The best endorsement I can give for this issue? I had to fight myself to keep from reading the next one, because I had such a great time diving into this oft-overlooked era.
This story can be found on DC Universe or purchased on ComiXology.
Batman ‘66 #1: “The Riddler’s Ruse”
And no list of Jay’s would be complete without Batman ’66, now, would it?
Mirroring the absolutely brilliant and amazing television show after which it’s fashioned, the first issue of the digital-first series is all about the Riddler and his attempts to… you know what? It doesn’t even matter. This entire comic series was incredible, and it kicked off with a bang. Jonathan Case nails the aesthetic of the show, and his Riddler looks more like Frank Gorshin than Frank Gorshin himself. Jeff Parker’s writing is spot-on with the tone of the series, as the villains are larger than life, Robin is excitable in his exuberant enthusiasm, and Batman is a by-the-book lame-o square. If you can, get the digital copy, which makes great use of the “animated guided view” in ComiXology.
A few Honorable Mentions:
Batman: “Hi Diddle Diddle/Smack in the Middle”
Frank Gorshin’s Riddler was the villain for the Sixties Batman television series, portraying the character with a manic glee that was as campy as it was terrifying. So influential and memorable was his performance that it went on to influence an entirely different character, as modern interpretations of the Joker hew closer to this portrayal than they do Cesar Romero’s (equally great) Clown Prince of Crime.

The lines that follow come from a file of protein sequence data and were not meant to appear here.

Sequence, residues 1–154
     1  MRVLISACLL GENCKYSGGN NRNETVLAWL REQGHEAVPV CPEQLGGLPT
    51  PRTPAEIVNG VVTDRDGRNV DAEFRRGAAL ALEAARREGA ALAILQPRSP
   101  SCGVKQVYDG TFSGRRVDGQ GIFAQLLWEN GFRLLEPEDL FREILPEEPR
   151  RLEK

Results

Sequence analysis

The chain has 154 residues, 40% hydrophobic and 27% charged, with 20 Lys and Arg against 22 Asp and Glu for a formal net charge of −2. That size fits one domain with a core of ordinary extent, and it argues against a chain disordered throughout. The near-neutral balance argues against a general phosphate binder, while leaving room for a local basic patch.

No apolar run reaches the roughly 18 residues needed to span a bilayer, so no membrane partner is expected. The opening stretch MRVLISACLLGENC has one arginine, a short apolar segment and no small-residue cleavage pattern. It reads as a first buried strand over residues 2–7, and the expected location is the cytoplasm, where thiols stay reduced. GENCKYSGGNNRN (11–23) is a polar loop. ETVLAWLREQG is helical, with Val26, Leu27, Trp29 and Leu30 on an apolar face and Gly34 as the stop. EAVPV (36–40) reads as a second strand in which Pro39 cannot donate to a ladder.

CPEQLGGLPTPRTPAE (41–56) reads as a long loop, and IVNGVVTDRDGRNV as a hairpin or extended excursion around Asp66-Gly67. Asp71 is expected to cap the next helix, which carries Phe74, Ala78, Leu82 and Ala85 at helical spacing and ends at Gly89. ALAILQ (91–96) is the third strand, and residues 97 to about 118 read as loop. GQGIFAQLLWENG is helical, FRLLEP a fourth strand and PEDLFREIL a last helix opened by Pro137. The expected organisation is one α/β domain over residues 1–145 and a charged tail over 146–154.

The show debuted with the two-part “Hi Diddle Diddle” and “Smack in the Middle,” which established the series’ camp tone that was… much closer to the comics of the time than you’d think. This is where we were introduced to Burt Ward’s Robin and his “Holy!” exclamations, Adam West’s deadpan and straitlaced Batman, and iconic elements like George Barris’ Batmobile and the Batusi.
Hovering above it all was Frank Gorshin’s Riddler, clad in a green leotard and purple mask, leading a group of ruffians and an alluring moll in his criminal schemes. For a show that was already big, the performance was larger than life, putting a stamp on the series and the character for all time. He went on to portray the character for the rest of the show’s first season and the theatrical film, while John Astin appeared as the Riddler in season two before Gorshin once again played the role in the third and final season.
Which had an episode where he and Batman fought each other in a boxing match. Solid runner-up.
Batman: The Animated Series: “If You’re So Smart, Why Aren’t You Rich?”
Finally, here’s the first episode featuring the Riddler from the seminal Batman: The Animated Series. This one always stuck out to me as a kid because, hey, who wouldn’t want to take part in a life-size video game maze? Flying around on that giant hand? Awesome.
As great and clever as the episode’s main setpiece is, it’s John Glover’s portrayal of the Riddler that really sells it. He begins as a brilliant programmer who creates a hit game, only to have his creation taken away from him so somebody else can profit from his work. Now jaded, bitter, and angry, Nygma uses his brains to exact revenge on those who wronged him… and in the case of Batman and Robin, those who want to stop him.
Glover’s performance is one of the best in a series that’s made up of nothing but great vocal performances, absolutely nailing the smug and smarmy attitude of the Riddler as he talks down to everyone he deems lesser than himself.
Plus, I cannot stress this enough: his ensemble is fresh. It just needs more question marks and it would be perfect.
So there you have it: some great Riddler stories. As I said, this is not an exhaustive list, so sound off below: what’s your favorite Riddler story?